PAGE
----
Using it for large periods of time caused no eye straining at all, as fortunately BenQ shows great commitment towards eye care, so it uses no PWM at any brightness setting.
Just like its bigger brother, the SW240 also offers the possibility of doing hardware calibration, which is stored in the monitor hardware LUT, instead of being managed through software. This ensures more reliable and higher quality calibration, which will not be potentially affected by software conflicts, and the monitor will retain its native calibration, no matter if you use it with different computers.
One of the announced features of this monitor, just like it happened with the SW2700PT, is having the possibility of displaying 10bit color, ensuring a better reproduction of areas with low color variation, like it happens in skies, for example. You probably already came across images where the sky shows abrupt transitions between different hues of color, an unwanted phenomenon called “banding”. Monitors which are able to reproduce 10bit color can avoid this effect, by being able to reproduce a larger range of intermediate tones for a certain color range, eliminating banding. This is actually a great feature, but the problem is that it will only work in a full 10-bit environment, which means using a compatible OS and graphics card (like, for example, the Nvidia Quadro range) and, as soon as the image leaves that environment, the 10bit reproduction is gone.
Using the X-Rite i1 Display Pro calibrator directly connected to the dedicated USB port of the SW240 allowed me to calibrate the monitor through BenQ Palette Master Elements software, which is the only way to store the calibration in the monitor´s hardware LUT. Even though this software is not as comprehensive as the i1Profiler software, it has plenty of options to customize the calibration.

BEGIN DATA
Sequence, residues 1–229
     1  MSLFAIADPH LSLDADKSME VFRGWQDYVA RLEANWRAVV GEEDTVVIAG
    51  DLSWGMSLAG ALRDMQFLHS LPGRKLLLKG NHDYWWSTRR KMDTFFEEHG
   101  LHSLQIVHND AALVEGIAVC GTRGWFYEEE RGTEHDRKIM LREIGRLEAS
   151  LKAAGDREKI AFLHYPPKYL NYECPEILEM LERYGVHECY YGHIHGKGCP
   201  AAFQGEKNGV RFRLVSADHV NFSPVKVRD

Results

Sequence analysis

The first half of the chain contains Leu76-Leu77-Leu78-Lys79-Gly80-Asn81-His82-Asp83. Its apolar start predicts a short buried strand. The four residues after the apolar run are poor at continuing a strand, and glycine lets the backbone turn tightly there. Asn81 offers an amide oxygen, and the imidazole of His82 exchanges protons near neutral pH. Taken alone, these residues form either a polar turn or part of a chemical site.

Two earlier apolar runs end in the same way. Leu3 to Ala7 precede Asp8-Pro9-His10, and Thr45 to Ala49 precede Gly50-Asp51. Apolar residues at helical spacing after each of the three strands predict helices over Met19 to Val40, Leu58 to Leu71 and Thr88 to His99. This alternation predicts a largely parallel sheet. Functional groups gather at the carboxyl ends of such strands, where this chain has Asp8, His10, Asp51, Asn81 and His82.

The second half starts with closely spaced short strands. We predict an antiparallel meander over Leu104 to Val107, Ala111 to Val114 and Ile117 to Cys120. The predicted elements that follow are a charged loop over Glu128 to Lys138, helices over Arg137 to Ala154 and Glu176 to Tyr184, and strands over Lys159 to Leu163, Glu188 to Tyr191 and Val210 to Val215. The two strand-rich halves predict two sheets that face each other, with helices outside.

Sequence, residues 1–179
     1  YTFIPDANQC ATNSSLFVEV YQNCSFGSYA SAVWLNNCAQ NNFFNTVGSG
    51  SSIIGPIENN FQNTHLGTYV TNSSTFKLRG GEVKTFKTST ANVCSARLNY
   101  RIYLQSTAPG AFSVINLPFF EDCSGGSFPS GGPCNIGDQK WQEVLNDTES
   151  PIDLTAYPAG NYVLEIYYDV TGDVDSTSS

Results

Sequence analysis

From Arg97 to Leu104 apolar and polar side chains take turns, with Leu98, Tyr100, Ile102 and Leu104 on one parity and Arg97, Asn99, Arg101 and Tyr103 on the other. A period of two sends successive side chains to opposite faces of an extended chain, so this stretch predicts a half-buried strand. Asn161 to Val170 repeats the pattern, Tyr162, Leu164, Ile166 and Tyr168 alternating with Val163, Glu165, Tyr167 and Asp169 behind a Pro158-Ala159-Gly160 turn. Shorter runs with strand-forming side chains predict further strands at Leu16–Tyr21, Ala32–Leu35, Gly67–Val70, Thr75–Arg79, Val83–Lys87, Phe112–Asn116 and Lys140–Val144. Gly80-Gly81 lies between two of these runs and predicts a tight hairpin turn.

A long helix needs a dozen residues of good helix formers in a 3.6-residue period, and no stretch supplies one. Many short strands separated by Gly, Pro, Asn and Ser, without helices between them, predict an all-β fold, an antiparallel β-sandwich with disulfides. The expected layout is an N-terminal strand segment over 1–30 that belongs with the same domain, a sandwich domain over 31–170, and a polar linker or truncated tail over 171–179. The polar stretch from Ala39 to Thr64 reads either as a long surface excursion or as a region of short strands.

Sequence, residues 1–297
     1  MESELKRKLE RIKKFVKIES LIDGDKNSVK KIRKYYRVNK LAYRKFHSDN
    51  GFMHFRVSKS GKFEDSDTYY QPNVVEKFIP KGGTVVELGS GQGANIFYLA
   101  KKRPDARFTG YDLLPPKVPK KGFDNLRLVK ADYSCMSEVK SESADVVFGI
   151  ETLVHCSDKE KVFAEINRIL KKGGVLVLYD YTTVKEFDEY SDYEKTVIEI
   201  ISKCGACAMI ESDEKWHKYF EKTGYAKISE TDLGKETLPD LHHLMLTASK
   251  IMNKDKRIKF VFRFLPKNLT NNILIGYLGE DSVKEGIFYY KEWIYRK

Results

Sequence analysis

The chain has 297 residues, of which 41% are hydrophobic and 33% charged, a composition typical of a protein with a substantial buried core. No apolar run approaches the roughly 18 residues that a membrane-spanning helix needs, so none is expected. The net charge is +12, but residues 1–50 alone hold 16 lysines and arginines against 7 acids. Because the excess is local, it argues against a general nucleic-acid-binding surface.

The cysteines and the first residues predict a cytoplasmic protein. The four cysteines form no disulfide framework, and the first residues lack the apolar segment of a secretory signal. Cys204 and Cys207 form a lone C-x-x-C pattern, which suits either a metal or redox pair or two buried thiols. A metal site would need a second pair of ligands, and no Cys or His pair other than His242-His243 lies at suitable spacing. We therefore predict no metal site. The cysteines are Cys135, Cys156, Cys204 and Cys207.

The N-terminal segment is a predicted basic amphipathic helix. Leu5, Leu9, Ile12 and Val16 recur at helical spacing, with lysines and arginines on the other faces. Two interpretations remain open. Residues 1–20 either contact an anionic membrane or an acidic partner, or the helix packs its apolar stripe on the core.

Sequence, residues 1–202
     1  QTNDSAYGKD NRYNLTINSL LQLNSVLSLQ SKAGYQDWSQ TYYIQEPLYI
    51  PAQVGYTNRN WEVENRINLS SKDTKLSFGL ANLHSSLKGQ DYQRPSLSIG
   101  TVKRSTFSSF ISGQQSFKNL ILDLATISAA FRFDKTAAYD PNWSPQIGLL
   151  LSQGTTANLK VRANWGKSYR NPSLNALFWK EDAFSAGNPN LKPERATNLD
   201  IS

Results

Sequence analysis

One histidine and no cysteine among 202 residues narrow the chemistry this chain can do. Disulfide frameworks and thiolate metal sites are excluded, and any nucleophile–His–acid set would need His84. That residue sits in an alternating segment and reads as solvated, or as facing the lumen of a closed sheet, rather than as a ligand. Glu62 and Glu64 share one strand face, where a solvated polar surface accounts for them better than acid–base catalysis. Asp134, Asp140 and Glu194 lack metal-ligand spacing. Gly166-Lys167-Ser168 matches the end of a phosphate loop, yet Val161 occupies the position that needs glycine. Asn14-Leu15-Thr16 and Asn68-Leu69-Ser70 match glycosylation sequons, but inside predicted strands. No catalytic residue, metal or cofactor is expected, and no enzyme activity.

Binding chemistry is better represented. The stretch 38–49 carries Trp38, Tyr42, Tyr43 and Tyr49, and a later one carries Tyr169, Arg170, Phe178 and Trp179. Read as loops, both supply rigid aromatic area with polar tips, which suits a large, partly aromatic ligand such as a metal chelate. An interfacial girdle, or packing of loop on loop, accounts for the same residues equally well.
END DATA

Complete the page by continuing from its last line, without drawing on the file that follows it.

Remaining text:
The BenQ comes pre-calibrated from the factory, with the nice touch of including a calibration report showing the monitor could cover the whole Adobe RGB color space with good color uniformity, meaning DeltaE <2 for all values .This shows BenQ cares about their monitor quality, but still I wanted to run my own calibration, which the SW240 passed with flying colors, with the magical DeltaE <2 being achieved for the sRGB and AdobeRGB color spaces.
Regarding the monitor interface, even though I missed the Hotkey Puck, it´s quite simple and intuitive to use the on-screen controls, with a very nice feature of a dedicated button which instantly switches between color spaces, so I can easily switch between AdobeRGB, sRGB and custom calibrations just with a single button.
Finally, there is one aspect I need to really emphasize, and this is probably the main reason why I´m liking BenQ products so much: their price/quality ratio. The era of ultra-expensive monitors from brands like Eizo, LaCie and NEC is gone, and nowadays you can fortunately get professional monitors like this one for great prices, and I can assure you that you can produce very high quality images with a screen like this one.
I really hope you have enjoyed this review, and feel free to leave any questions you might have in the comments section or send me an email. BenQ provided me this monitor free of charge for review, but the opinion stated here is totally truthful to my experience with this product. I want my readers trust my opinion, and I owe you my honesty. A big part of the progression I made in my career as a photographer depended on getting reliable and good opinions from photographers I trusted in, including reliable gear reviews.
And now stay tuned for my experience with the On-The-Go accessory kit, which allowed me to take the SW240 to Iceland! Coming soon!